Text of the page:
‘Tis the season to be jolly, fab and healthy! The longest Christmas season in the world is upon us and it is a time of tradition, family and joy. However, that doesn’t mean that you should get caught up in the holiday frenzy and stop paying attention to what your body is telling you. In the spirit of good health and cheer, be informed of these holiday health hazards and what you can do about them:
1. Holiday Stress
Santa is not the only one keeping a list of who’s naughty and who’s nice. With the Christmas season comes a long list of people to buy gifts for: family, friends, co-workers, clients. Shopping this time of the year can practically become a battlefield: you’d have to compete with other discount-savvy shoppers for the best bargains in crowded malls, bazaars and tiangges on top of battling the horrendous and unpredictable traffic one has to survive to get to the shopping destinations. Carrying heavy packages can literally cause bodily harm (backaches, muscle strain, etc.). Avoid these aches and pains by taking periodic breaks and maintaining proper posture. Drop bags at the package counters or at your car in between stores. When lifting heavy objects, bend at the knees and tighten the stomach muscles. Hold the item close to you with legs apart to distribute the weight.
The number of parties and get-togethers one cannot keep track of can become an overwhelming burden whether as a guest or host. Women particularly find the holidays hard to manage as they juggle both work and family. Should you find yourself exhausted more than joyful this season, learn how to say “No” and don’t be afraid to enlist some help. Do not sacrifice proper sleep as this may lead to a lowered immune system.
2. Holiday Weight Gain
Endless parties mean endless food leading to weight gain and its associated health problems. Heavy meals, holiday stress, ignoring chest pain for fear of disrupting the festive mood and forgetting to take medication amidst the chaos and frenzy can add up to the perfect storm of risk factors increasing your risk for a heart attack or stroke.
There is nothing like the holiday season to put an end to all diets but remember to practice moderation. If the thought of health problems does not scare you, how about the image of those excess pounds making their way into your summer vacation pictures? Do not starve yourself, but do limit your portion sizes and foods high in fat, salt and sugar.
3. Food Poisoning and Overdrinking
Avoid food poisoning and other food-related illnesses by properly preparing meat, poultry, seafood and eggs. Wash hands and surfaces often. Use separate cutting boards and dishes so bacteria cannot spread from one food to the next. Do not leave dishes sitting for long periods and put away leftovers within two hours.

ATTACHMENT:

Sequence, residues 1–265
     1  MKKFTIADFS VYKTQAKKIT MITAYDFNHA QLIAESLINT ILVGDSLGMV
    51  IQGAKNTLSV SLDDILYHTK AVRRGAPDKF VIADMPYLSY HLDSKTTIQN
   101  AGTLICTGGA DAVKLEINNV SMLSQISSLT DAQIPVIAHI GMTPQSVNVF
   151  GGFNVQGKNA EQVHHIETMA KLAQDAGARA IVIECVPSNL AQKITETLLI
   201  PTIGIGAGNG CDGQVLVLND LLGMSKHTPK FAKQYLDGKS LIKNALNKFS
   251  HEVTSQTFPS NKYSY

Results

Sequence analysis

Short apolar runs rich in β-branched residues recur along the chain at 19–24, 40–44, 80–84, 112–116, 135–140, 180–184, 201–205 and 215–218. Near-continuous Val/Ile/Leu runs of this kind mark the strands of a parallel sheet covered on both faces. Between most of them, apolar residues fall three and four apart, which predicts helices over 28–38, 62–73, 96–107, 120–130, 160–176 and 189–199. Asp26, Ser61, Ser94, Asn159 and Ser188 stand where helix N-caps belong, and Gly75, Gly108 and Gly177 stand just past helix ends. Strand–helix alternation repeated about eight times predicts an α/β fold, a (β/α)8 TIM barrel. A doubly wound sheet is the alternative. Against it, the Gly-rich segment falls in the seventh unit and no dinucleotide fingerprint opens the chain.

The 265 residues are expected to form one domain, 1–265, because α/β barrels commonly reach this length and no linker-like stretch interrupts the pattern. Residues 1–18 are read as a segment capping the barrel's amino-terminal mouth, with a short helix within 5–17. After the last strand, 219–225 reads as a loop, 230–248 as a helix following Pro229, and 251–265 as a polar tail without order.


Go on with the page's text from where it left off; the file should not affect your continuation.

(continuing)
Excessive intake of alcoholic drinks can lead to fights, accidents, and the so-called “Holiday Heart Syndrome.” This condition was named due to its association with binge drinking, which becomes especially common during the holidays. Disturbances in the normal rhythm of the heart, palpitations, difficulty of breathing and chest pain may arise not just in people who consume alcohol for a long period of time but in people who appear to be previously healthy and can be triggered even by modest alcohol intake. Generally speaking though, avoid drinking before driving and when taking certain medications. Also, keep alcoholic beverages well away from the reach of children–what may be a safe amount of alcohol for an adult can cause alcohol poisoning for children.
4. Seasonal Affective Disorder
Do you feel sad and blue watching people come together during the holidays while you are left lonely and alone? You might actually have a condition known as Seasonal Affective Disorder or SAD, for short. It is also known as the “winter blues.” While, there is no winter in the Philippines, the holiday season characterized by shorter days and longer nights coincides with a reduction in sunlight, which is thought to be one of the causes of the condition. People with SAD are not actually sad, they just feel tired and less interested in things. They tend to eat more and sleep more (similar to animals hibernating for the winter), which lead to weight gain and lower elf-esteem. The best solution is to seek help from professionals, who can then diagnose and treat you properly.
5. Decorating Disasters
Decorations are pretty but injuries are not. All the ingredients for a festive holiday celebration–twinkling candles, electric lights, Christmas trees, fireworks, toys–can also become safety hazards. Putting up these decorations can be hazardous to health as well. Do not leave candles unattended. When using ladders to hang decorations, check that they’re on secure and level ground. Do not climb the ladder with your hands full. Check electric lights for broken bulbs, cracked sockets, frayed wires or loose connections which can cause electrocution or spark a fire. Supervise children when playing with toys or decorations which might be choking hazards.
The overall excitement of the festivities can make you negligent about safety measures but exercising a bit of caution will ensure we keep the happiness and cheerfulness–not to mention, ourselves–alive.